Aliens at Prayer: Representing Jewish Life in the East End of London, c.1905

Shaw, Samuel (2018). Aliens at Prayer: Representing Jewish Life in the East End of London, c.1905. In: Shaw, Samuel; Shaw, Sarah and Carle, Naomi eds. Edwardian Culture: Beyond the Garden Party. Among the Victorians and Modernists. London: Routledge, pp. 133–153.


The Edwardian Era has recently been described as a ‘turbulent period’ in the representation of Anglo-Jewish experience. Anxiety over the influence of Jewish businessmen, and the ever-expanding tides of Jewish immigration into the East End of London, ensured that the status of the British Jew was regularly under the spotlight. There were two major outcomes of this public debate: the growth of the British Zionist movement, supported by Joseph Chamberlain, and the 1905 Aliens Act, the first anti- immigration law to go through British parliament.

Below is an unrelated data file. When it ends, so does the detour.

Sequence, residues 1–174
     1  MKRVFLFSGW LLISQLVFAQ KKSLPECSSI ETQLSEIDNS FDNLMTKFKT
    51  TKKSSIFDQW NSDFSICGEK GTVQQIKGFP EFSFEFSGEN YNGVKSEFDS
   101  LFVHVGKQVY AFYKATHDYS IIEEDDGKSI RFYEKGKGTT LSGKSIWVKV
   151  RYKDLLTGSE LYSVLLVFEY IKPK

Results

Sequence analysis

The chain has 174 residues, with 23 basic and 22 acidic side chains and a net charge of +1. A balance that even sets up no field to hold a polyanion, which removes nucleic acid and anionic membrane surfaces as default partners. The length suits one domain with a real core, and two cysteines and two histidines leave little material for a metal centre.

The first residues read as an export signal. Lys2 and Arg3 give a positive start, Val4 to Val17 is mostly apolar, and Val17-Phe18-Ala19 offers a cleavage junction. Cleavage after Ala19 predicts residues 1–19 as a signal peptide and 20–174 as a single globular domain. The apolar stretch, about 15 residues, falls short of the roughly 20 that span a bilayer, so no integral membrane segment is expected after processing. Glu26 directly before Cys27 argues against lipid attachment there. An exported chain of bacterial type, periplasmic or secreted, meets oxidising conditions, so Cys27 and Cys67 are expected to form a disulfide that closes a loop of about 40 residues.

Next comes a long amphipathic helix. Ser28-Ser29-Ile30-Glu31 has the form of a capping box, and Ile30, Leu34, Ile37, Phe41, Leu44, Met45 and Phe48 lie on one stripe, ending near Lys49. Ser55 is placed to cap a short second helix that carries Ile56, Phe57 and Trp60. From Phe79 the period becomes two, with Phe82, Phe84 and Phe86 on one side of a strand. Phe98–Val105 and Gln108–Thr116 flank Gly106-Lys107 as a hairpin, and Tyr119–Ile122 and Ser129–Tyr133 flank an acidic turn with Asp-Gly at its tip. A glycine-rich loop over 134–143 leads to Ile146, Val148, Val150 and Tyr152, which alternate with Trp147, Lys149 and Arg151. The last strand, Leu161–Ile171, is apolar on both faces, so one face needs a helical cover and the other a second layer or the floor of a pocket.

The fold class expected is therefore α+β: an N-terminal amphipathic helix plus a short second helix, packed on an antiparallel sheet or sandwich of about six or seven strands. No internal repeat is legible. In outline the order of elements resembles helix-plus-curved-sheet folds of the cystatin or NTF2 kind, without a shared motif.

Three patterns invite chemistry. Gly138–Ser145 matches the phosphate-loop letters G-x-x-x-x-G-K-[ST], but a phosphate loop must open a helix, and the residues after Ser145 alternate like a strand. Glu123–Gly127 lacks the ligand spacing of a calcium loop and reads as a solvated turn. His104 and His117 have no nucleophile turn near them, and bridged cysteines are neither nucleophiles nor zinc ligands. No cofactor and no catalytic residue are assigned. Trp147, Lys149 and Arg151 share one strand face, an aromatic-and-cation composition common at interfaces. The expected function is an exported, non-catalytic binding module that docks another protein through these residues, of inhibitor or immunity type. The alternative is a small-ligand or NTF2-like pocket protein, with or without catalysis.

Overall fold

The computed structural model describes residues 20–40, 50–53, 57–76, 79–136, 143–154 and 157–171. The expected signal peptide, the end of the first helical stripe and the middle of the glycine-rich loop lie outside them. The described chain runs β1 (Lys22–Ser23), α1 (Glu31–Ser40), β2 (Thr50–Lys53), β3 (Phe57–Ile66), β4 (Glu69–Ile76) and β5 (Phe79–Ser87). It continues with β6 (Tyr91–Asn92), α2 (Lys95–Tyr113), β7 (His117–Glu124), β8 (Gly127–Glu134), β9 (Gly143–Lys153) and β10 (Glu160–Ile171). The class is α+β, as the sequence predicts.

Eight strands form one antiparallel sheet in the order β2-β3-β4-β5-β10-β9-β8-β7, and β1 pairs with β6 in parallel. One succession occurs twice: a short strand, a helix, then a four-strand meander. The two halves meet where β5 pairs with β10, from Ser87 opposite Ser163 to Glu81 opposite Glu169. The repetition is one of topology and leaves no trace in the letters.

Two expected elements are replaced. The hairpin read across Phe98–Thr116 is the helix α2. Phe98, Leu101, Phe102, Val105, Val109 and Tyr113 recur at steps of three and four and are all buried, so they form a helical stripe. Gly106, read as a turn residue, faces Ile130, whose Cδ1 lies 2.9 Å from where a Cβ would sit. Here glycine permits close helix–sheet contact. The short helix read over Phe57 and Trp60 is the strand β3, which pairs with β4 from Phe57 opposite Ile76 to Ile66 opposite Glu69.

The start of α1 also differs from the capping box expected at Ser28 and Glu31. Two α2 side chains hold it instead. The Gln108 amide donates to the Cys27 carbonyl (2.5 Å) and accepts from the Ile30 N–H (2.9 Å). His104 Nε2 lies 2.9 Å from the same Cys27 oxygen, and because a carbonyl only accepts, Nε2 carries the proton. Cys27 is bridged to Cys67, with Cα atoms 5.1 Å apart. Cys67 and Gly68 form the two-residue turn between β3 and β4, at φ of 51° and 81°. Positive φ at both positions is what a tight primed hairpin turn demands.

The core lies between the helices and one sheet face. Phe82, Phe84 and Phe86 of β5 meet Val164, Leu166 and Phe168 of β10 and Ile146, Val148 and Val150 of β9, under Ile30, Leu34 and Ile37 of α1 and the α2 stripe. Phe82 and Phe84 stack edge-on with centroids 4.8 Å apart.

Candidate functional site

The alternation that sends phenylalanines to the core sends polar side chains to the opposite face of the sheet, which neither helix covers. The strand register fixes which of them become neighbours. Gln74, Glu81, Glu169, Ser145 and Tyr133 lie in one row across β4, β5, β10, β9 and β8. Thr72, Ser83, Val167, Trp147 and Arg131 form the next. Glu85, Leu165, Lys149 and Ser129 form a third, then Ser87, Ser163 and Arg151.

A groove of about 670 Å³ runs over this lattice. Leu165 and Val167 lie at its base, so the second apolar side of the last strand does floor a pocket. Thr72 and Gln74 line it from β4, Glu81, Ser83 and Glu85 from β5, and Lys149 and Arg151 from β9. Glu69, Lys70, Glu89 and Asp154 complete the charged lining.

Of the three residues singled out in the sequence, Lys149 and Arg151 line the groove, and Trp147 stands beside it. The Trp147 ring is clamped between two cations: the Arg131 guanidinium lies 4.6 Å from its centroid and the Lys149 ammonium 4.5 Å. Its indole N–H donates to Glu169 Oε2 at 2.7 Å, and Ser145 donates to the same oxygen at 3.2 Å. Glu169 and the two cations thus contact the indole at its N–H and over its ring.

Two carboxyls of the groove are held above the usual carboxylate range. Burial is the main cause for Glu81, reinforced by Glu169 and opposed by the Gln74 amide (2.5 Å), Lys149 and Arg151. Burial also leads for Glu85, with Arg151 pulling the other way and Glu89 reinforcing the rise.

In the midst of these developments, two Anglo-Jewish artists, Alfred Wolmark and William Rothenstein, embarked upon a series of paintings in the Jewish East End. The artists came from very different backgrounds: Rothenstein was born into a wealthy, liberal German-Jewish family in Bradford, whilst Wolmark was Polish by birth, moving to London in the late 1880s. Whilst Jewish subjects were a common feature of Wolmark’s early career, they only entered Rothenstein’s oeuvre for a brief period in the 1900s. Both artists, however, painted more Jewish subjects around 1905 than at any other point in their lives. This chapter questions why this was, and what part their paintings played in the wider debate surrounding Jewish immigration, assimilation and Zionism. It explores the complex Jewish identities of the two artists, and the ways that this played out in their art works.

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